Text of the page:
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Middle East Abeja Dispatch

Two Women, One Man - Feudin', a-Fussin' and a-Fightin'
December 18, 1999


Season's Greetings and Happy New Millennium. I'm Nancy Hummel, Abeja's mom. Her dad John and I have been with the Trekkers for two weeks in Egypt and now in Israel. You should meet these Trekkers! They're cool.

Egypt is without a doubt the most exotic place I've ever visited. Most of the people we met are extroverts and very friendly to Americans. We were certainly curiosities there, especially with the children. "Welcome to Egypt. Where are you from? What's your name? How old are you? May I take your picture?" At the Giza Sphinx a young mother ran up to Abeja and thrust her baby in Abeja's arms so she could take a picture of her holding the baby.

But in both Egypt and Israel we saw young uniformed soldiers and police usually carrying Uzis. This sight adds a little tension to the air. Those Uzis might be modern, but the hostility they display had its seeds in the Book of Genesis and has been growing off and on ever since. Do you know the story of the patriarch Abraham? Abraham is considered a prophet for Jews, Christians, and Muslims alike. But, I'm learning here, the story changes depending on who's telling it. And that's where this four-millennia-old feud begins!

According to Genesis, first book in the Christian Old Testament and the Jewish Torah, Abram was married to Sarah, who did not have any children. Sarah had an Egyptian slave-girl named Hagar, whom she gave to Abram as a wife. Sarah told Abram, "The Lord has kept me from having children. Go in to my slave-girl. Maybe I shall obtain children by her." When Hagar found she was going to have a baby, she looked with contempt on her barren mistress. Trouble! In retribution, Sarah ended up being so mean to Hagar that she ran away.

The angel of the Lord found Hagar by a spring in the wilderness. He told her, "Return to your mistress and submit to her." He promised her that the Lord would multiply her offspring so much that they could not be counted. (Hey, that sounds like Cairo today!) The angel continued, " Now you have conceived and shall bear a son, Ishmael. He shall be a wild ass of a man, with his hand against everyone, and everyone's hand against him; and he shall live at odds with all his kin." So Hagar went back to eighty-six-year-old Abram and had his first child, a son named Ishmael. God still came to Abram and made a covenant (a solemn and binding agreement or contract) with him. God would give Sarah a son named Isaac, who would be the ancestor of a multitude of nations. God then changed Abram's name to Abraham, which means "ancestor of a multitude." God would also bless Ishmael and make him the father of a great nation. But God made an "everlasting covenant" with Abraham for Isaac's offspring.

In return, God required Abraham to circumcise all males as a sign of the covenant between them. So when Ishmael was thirteen and Abraham was ninety-nine, they, the male slaves, and all the men in the household were circumcised. (That must have been a sick, sick household for a few days!) The Lord appeared to Abraham again. As Abraham sat outside his tent, three men appeared standing near him. He offered them food, rest, and water to wash their feet. While a feast was being prepared for them, one man said, "Your wife Sarah shall have a son." Sarah, standing inside the tent entrance, heard it and laughed skeptically, for she was quite old. But within a year, when Abraham was a hundred years old, Sarah had a baby, Isaac.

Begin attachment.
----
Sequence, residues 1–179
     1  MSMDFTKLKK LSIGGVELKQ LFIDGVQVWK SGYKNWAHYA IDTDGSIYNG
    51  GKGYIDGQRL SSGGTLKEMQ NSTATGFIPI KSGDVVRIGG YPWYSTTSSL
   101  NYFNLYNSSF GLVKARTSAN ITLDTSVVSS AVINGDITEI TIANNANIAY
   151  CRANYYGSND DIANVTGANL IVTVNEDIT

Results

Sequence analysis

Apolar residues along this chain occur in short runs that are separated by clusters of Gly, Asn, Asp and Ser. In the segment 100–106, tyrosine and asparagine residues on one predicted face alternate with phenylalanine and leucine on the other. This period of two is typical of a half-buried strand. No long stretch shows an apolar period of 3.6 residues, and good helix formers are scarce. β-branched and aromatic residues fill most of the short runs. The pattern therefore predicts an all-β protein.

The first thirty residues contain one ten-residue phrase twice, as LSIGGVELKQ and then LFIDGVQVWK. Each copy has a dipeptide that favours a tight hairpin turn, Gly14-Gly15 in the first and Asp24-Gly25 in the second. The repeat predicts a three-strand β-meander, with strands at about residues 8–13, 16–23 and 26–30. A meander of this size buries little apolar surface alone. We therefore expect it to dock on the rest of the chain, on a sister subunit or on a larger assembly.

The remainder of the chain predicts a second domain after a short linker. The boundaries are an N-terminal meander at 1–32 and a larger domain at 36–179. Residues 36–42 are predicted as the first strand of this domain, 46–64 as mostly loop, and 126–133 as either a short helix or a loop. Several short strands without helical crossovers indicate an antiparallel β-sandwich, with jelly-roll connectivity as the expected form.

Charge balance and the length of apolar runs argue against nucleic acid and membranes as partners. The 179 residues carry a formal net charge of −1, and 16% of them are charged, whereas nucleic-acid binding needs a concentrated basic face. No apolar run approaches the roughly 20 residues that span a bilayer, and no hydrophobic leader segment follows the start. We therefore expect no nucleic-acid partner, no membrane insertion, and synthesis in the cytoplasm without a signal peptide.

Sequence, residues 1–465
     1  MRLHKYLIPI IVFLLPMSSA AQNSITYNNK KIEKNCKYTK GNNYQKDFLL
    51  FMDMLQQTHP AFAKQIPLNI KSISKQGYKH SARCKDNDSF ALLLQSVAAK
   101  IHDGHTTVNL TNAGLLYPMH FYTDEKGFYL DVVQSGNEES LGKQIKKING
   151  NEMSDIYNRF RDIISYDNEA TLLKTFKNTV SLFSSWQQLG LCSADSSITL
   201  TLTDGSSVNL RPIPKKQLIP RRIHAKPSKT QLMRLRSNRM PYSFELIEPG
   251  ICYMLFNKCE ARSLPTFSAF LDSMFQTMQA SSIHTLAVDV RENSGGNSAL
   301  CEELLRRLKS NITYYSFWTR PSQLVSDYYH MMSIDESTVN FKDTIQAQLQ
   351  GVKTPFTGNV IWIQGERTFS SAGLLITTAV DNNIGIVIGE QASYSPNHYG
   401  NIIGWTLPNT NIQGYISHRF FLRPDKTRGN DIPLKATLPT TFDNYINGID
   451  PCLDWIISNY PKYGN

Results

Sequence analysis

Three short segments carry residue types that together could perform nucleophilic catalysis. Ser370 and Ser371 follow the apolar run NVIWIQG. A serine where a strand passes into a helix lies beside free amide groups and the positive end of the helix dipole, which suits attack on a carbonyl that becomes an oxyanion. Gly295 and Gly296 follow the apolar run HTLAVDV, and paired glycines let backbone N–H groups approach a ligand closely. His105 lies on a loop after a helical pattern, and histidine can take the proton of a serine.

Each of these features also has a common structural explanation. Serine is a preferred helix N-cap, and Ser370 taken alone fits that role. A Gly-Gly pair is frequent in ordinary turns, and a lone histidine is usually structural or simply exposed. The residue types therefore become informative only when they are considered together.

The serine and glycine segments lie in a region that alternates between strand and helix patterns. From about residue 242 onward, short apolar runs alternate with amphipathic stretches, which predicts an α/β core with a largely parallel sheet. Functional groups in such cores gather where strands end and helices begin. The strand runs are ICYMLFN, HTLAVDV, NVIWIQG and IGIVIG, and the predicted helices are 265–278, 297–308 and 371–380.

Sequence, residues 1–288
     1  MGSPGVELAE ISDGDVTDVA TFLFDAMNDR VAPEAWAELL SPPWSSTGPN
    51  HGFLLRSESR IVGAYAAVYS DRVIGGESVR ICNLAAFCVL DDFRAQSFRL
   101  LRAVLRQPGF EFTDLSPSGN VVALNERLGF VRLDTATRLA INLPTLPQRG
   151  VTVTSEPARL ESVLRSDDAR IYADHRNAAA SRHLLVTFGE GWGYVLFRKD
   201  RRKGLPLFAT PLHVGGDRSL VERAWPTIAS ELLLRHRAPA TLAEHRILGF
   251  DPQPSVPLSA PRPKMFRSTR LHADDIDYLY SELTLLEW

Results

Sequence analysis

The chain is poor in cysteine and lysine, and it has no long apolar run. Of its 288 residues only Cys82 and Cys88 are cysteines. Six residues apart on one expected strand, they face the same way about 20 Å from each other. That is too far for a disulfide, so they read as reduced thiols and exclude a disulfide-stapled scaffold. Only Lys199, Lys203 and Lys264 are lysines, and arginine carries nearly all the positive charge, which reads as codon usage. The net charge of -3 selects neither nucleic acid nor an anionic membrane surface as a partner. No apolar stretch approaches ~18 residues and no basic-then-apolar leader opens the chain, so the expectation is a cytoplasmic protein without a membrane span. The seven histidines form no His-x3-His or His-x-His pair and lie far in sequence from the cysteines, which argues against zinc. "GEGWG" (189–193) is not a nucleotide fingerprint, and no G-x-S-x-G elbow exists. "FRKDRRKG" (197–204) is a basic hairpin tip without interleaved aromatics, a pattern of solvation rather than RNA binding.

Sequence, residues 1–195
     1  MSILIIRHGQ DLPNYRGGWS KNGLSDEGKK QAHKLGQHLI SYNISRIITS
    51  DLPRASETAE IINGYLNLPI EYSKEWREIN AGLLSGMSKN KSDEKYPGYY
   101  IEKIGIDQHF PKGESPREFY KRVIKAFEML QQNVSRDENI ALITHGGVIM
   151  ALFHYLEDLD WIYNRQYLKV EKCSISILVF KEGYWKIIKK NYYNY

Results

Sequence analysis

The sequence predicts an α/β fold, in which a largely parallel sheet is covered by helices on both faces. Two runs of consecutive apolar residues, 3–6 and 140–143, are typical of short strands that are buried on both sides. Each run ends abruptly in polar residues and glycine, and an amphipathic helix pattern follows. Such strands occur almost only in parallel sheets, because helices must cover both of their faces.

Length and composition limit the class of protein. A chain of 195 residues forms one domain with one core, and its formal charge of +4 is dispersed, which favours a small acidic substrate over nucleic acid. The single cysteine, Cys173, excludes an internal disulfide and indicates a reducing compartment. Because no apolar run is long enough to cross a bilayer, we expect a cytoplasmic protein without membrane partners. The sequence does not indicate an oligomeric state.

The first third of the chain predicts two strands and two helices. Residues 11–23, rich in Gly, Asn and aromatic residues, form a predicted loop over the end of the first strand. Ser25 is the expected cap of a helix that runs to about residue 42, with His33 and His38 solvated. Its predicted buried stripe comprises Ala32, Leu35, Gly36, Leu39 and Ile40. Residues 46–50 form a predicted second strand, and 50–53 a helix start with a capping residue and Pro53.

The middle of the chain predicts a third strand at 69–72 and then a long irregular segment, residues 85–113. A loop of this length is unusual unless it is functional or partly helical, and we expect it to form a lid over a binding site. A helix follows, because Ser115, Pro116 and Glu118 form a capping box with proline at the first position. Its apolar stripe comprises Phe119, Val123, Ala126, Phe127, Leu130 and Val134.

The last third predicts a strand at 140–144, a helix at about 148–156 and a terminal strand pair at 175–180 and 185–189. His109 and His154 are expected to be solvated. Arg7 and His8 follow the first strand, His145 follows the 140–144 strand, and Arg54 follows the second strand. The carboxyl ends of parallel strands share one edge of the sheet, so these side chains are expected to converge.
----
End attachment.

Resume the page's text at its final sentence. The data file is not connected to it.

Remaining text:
Well, Sarah was still jealous of Hagar and Ishmael. She nagged Abraham, "Cast out this slave woman with her son. He shall not inherit along with my son Isaac!" So Abraham sent Hagar into the wilderness of Beersheba with only bread, a skin of water, and Ishmael. When the water ran out, Hagar put Ishmael under a bush and went a bowshot's distance away to sit and cry so that she would not have to watch him die. But God heard the boy's voice. An angel came and told her, "Lift up the boy and hold him fast with your hand, for I will make a great nation of him." Then she saw a well and filled the skin and gave Ishmael a drink. So Ishmael grew up in the wilderness and became expert with the bow.

I've learned from my Muslim friends here and in Michigan that the version of the Covenant between God and Abraham, found in their holy book the Koran, differs in important ways from the Biblical story. According to them, Abraham left Sarah for a time in order to study abroad in Egypt. While away from home, he met and married Hagar. Remember that in the time of the Patriarchs, men could have more than one wife, and in Islam, they are still permitted up to four wives today. As Abraham's first-born son, Ishmael is the son through whom the Covenant was to be fulfilled.

Also, do you know the story of God's asking Abraham to sacrifice his son? At the last moment, Abraham was prevented from killing his son and sacrificed a ram caught in the bushes instead. In the Bible, Isaac was the son who was to be sacrificed. In the Koran, it was Ishmael. Also in the Koran, Hagar's well became a watering place for travelers. Soon a small village formed there, which became Saudi Arabia. So this is the beginning of two Semitic peoples. Isaac fathered the Jews. Ishmael fathered the Arabs. And the ancient feud between two women still goes on.

Nancy, Abeja's mom

Abeja - You Can't Have Your Cake and Eat It, Too: Monument to a Lost War
Abeja - Where the Heck are We, Really?
Christine - Flee to Egypt, and Stay There Until I Tell You
Jasmine - A Life of Love
Jasmine - Promises of the Promised Land
Kavitha - The Miracle of Oil
Team - A Global Holiday
Team - Exercise Your Right and Write

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